In America it is easy to take access to reliable electricity for granted. Yet, according to the United Nations, 1.2 billion people around the world still live without power, and in developling countries, access to electricity is a luxury primarily available to those in metro areas. In the African nation of Rwanda, for example, the government estimates only about 20 percent of the country has access to electricity, and this figure was as low as 5 percent in rural areas in 2013.
The Rwandan government recently launched an ambitious goal to electrify the entire country by 2024 to bolster its economy and improve the health and incomes of its nearly 12 million residents, many of who live in remote rural areas, some hours from paved roads.
Running power lines from a national electric grid is not only costly but would only provide electricity to roughly half of the population. Instead, the Rwandan government is looking at smaller, community-based microgrids and small household systems that generate electricity on-site and distribute solar power to the end consumers.
Researchers at Colorado State University, in collaboration with the University of Rwanda and energy startup MeshPower, are helping the nation reach its electrification goals, through a large-scale project to design, build and install microgrids in rural villages.
“Microgrids are grids we build from the ground up, and don’t require a connection to the central grid,” said Bryan Willson, executive director of the Energy Institute at CSU. “In much of the developing world, we can’t afford to extend the grid because of far distances, and the amount of power we are supplying is relatively small. So, in those cases it makes sense to use things like solar, batteries, wind, or engines, to supply the power and distribute it within a village.”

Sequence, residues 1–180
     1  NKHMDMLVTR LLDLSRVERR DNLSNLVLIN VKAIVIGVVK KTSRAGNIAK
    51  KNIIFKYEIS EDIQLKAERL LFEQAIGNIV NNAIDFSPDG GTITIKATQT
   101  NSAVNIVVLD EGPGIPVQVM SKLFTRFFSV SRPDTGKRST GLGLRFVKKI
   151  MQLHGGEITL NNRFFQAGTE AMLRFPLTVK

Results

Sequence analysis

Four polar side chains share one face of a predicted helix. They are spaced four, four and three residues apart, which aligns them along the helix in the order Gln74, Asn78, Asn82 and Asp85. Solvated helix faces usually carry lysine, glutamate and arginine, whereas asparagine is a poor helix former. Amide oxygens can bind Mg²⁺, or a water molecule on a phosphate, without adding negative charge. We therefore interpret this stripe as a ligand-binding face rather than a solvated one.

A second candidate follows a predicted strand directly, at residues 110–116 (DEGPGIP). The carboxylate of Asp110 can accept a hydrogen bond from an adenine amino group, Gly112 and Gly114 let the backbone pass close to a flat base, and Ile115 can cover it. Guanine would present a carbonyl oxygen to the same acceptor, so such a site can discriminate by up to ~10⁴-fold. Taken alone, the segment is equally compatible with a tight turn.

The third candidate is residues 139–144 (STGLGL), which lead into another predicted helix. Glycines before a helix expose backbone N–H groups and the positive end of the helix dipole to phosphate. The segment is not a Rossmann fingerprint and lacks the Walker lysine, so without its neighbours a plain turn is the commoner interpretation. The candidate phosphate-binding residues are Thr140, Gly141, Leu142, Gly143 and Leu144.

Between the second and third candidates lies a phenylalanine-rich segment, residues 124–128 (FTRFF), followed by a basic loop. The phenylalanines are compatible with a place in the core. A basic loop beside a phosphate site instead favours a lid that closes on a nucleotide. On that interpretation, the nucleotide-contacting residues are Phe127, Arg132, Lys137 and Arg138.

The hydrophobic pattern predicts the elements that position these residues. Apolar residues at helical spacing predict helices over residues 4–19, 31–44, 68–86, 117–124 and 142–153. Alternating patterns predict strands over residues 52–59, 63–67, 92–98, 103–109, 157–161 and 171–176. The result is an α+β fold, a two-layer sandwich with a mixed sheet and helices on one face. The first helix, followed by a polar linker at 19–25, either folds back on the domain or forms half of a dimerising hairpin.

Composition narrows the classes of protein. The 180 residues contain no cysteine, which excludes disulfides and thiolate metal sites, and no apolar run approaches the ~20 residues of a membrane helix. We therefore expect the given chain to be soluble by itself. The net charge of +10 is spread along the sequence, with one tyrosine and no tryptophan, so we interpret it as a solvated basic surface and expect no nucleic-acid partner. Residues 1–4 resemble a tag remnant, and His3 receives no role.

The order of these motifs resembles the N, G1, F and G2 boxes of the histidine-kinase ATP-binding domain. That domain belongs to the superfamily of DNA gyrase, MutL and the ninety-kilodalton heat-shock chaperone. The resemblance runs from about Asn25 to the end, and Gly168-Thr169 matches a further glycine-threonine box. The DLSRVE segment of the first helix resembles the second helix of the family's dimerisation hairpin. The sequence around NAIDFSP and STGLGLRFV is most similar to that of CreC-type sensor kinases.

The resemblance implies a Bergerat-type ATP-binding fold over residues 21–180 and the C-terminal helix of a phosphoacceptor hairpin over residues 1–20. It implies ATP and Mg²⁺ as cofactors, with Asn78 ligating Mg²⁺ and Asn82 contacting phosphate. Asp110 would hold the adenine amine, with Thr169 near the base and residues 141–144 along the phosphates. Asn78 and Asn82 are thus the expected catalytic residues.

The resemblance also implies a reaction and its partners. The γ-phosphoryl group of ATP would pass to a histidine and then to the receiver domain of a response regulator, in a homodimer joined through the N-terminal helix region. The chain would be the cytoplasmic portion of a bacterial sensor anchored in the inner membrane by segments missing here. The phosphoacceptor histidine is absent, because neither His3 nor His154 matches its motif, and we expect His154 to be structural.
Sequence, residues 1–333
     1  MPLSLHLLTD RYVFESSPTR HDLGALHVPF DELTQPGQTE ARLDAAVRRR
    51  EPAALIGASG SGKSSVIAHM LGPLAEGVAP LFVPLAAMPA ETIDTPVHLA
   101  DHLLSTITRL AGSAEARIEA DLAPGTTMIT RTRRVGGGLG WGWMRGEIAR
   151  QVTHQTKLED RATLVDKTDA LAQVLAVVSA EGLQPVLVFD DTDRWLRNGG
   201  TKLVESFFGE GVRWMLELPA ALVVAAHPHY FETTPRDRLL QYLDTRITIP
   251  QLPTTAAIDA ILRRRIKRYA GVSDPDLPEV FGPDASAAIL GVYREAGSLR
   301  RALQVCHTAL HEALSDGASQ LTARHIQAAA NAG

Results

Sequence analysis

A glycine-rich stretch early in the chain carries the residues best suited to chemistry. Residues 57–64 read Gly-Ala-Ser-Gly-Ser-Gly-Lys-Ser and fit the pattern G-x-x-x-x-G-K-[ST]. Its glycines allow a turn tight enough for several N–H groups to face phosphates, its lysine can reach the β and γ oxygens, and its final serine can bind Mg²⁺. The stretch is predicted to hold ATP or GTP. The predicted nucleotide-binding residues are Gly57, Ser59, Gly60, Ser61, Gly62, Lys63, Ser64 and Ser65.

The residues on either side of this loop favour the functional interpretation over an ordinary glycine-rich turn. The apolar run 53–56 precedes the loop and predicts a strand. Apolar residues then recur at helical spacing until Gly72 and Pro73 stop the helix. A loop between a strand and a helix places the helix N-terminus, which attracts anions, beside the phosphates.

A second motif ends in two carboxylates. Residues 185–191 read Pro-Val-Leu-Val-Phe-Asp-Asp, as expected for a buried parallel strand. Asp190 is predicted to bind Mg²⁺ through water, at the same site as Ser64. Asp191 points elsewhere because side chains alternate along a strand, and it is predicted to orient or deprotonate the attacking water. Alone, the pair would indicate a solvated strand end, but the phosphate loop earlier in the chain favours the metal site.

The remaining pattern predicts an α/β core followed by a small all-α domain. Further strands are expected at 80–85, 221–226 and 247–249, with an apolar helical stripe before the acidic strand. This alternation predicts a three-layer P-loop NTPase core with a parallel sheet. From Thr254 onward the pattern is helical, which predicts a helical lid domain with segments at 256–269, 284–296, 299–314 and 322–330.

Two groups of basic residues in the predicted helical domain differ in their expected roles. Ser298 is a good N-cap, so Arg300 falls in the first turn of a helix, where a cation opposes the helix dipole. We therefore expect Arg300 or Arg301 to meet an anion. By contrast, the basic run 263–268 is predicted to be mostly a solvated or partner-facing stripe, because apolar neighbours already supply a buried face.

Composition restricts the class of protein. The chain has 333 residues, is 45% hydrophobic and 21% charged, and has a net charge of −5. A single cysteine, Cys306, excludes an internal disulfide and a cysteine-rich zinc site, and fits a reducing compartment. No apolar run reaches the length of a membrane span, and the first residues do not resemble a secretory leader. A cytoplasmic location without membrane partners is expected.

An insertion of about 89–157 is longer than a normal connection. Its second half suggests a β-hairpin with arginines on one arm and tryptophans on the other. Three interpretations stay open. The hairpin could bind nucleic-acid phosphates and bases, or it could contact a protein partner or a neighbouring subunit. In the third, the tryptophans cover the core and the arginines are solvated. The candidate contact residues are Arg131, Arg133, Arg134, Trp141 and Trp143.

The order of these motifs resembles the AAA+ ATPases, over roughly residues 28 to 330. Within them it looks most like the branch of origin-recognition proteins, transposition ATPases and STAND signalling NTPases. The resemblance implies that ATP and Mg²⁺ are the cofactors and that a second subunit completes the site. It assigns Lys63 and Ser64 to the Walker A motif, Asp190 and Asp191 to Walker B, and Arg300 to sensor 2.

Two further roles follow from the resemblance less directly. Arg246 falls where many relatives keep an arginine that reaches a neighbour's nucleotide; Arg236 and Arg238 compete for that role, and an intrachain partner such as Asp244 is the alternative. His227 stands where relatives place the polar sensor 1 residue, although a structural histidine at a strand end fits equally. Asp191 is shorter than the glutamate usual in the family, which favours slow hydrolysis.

Decentralized microgrids allow areas without access to bypass the national electricity network electric grid. Microgrids, in general, consist of an energy generation source and energy storage. Historically, both functions have been performed by loud and dirty diesel generators, but the Smart Village Microgrid team is using solar power and battery storage.
While solar power can be more expensive than retail grid-connected power, it is cheaper than extending the grid to households that are not currently connected. This makes microgrids an attractive option for the millions of people without electricity who have modest power demands.
However, technology isn’t the only answer to the challenge of rural electrification. Dan Zimmerle, senior research associate in the Energy Institute, says the key question is how to have socio-technical implementation of sustainable microgrids. Therefore, the Smart Village Microgrid team is incorporating sociology and economic impacts into their research, and working with Rwandan schools and companies like MeshPower.
“I think the approach we have taken at CSU to microgrids is different than what most universities have done,” said Zimmerle. “At most universities the microgrid work is entirely in the technical department. Our approach has always been cross-disciplinary.”
The Smart Village Microgrid team has been supported, in part by the Catalyst for Innovative Partnerships (CIP), a program of the CSU Office of the Vice President for Research that funds cross-disciplinary science. Through CIP, Zimmerle has collaborated with engineers, social scientists, industrial technology designers and others from the colleges of liberal arts, agricultural sciences, and health and human sciences.
The CSU team has also partnered with the University of Rwanda to replicate laboratory facilities and methods and are working to duplicate the design and development of engineering coursework.
“Colorado State was named as the strategic partner with the University of Rwanda in this African Center of Excellence which is funded by the World Bank,” said Willson. “In that role we have helped them to design the curriculum, to lay out the research programs, and create the laboratories including training of University of Rwanda staff at Colorado State.”
The program has also expanded to 10 additional countries in southeast Africa to continue training and education in areas that have significant electrification needs.